A. Yes. Subject to any rules of procedure that may be adopted by the board, there is no requirement that only members who were actually on the board when the nonpublic session was held are able to review the minutes. All board members must take the oath of office required by RSA 42:1 and, thus, all members have an obligation not to divulge the contents of sealed nonpublic-session meeting minutes, whether or not they were at the meeting. And, as previously noted, a new member may be involved with making decisions that involve information received in prior nonpublic sessions.

Q. Can a board have a policy that sealed meeting minutes will not be available for review by individual selectmen, but, instead, only be reviewed after a majority vote of the board?

A. Yes. One selectman has no authority, as the authority rests with the board acting as a whole. RSA 41:8. Thus, a board may adopt a policy that sealed meeting minutes will only be made available for review by a selectman upon a majority vote of the board.

Q. What happens if a board member divulges what transpired in the nonpublic session when the meeting minutes have been sealed?

A. This would be a breach of confidentiality that could result in removal from office. RSA 42:1-a, II(a). This begs the question of what happens when a former board member divulges the contents of a nonpublic session when the minutes have been properly sealed. Obviously, the penalty of removal from office will be ineffective. However, in most cases, former local officials continue to take their oath seriously and do not breach confidentiality even after they leave office.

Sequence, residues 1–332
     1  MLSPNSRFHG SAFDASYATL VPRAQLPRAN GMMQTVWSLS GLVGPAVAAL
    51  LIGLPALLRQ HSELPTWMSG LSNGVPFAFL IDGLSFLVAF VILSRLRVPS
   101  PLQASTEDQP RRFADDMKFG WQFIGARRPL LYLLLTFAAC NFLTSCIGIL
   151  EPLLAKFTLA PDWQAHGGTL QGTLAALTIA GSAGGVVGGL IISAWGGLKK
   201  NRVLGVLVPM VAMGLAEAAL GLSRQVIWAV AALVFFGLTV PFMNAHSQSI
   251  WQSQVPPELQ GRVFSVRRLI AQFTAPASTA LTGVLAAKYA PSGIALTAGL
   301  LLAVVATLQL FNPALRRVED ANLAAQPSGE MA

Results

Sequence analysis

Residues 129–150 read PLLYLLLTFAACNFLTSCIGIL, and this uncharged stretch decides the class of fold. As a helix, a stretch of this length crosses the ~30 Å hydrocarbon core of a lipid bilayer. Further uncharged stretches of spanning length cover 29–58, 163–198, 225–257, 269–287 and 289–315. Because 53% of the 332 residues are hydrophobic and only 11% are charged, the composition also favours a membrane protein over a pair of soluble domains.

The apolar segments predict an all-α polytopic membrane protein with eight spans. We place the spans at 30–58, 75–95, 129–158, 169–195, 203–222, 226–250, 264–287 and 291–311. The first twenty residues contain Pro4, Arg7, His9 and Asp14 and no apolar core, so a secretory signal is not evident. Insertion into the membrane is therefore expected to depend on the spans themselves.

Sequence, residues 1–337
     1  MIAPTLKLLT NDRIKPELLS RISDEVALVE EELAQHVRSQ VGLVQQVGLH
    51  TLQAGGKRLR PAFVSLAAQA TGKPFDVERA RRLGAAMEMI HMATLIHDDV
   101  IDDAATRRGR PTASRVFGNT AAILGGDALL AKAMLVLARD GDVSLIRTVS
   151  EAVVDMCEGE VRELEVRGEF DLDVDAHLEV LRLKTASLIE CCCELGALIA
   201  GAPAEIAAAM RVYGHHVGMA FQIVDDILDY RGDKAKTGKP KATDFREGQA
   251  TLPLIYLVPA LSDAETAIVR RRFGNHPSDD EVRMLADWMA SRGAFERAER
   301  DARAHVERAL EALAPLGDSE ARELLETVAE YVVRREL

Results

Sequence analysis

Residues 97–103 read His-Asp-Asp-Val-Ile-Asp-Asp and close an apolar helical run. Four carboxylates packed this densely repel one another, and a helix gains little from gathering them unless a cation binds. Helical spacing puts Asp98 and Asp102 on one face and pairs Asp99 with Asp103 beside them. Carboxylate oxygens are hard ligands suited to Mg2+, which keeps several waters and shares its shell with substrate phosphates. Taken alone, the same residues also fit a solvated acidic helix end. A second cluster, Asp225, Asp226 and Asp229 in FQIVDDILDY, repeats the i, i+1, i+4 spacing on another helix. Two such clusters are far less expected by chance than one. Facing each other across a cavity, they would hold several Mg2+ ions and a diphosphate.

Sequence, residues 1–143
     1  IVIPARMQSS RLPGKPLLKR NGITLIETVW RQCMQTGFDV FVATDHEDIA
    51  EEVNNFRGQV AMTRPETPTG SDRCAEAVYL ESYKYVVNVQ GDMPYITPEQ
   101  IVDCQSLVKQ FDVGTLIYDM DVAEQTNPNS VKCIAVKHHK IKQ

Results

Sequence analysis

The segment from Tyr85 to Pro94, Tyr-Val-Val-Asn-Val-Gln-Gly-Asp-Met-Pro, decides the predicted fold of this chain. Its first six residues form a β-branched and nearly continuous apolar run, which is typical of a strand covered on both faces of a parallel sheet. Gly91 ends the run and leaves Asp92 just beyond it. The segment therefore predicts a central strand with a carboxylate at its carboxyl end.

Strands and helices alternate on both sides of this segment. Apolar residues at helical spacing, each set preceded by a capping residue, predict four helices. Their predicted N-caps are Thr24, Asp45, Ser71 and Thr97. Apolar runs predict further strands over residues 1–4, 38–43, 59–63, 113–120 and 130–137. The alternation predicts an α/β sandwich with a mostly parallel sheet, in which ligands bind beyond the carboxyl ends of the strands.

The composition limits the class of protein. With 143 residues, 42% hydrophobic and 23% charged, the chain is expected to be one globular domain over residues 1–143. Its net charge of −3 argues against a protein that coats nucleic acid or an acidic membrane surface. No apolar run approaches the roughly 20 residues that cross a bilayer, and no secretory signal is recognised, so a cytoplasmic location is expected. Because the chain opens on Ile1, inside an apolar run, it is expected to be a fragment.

Q. Does a member of the public who was in attendance at the nonpublic meeting have a right to review the minutes if the board votes to seal them?

A. No. If the board invites a non-board member into the nonpublic session, that person has no right to review the minutes if the board has voted to withhold the minutes from public inspection. Care should be taken whenever non-board members are included in the nonpublic session as these people are not under the same oath as local officials to keep the information confidential. Additionally, such a person may also take notes or make a recording of the session that will not be under the control of the board with regard to withholding from public inspection.

The public's right of access to governmental proceedings may only be denied for certain specified reasons when a public body takes a specific vote to do so. Even then, minutes of the proceedings must be taken and must be made available to the public unless the body takes yet another vote to keep them from public inspection. Given that the purpose of the Right to Know Law is to ensure "both the greatest possible public access to the actions, discussion and records of all public bodies, and their accountability to the people," nonpublic session meeting minutes should be given the utmost consideration when deciding if they should be sealed. When the decision to seal the minutes is made, the board has a continuing obligation to ensure that once those conditions for sealing no longer exist, the minutes are unsealed and made available for public inspection.

For more information on this and other topics of interest to local officials, LGC's legal services attorneys can be reached Monday through Friday from 8:30 a.m. to 4:30 p.m. by calling 800.852.3358, ext. 384.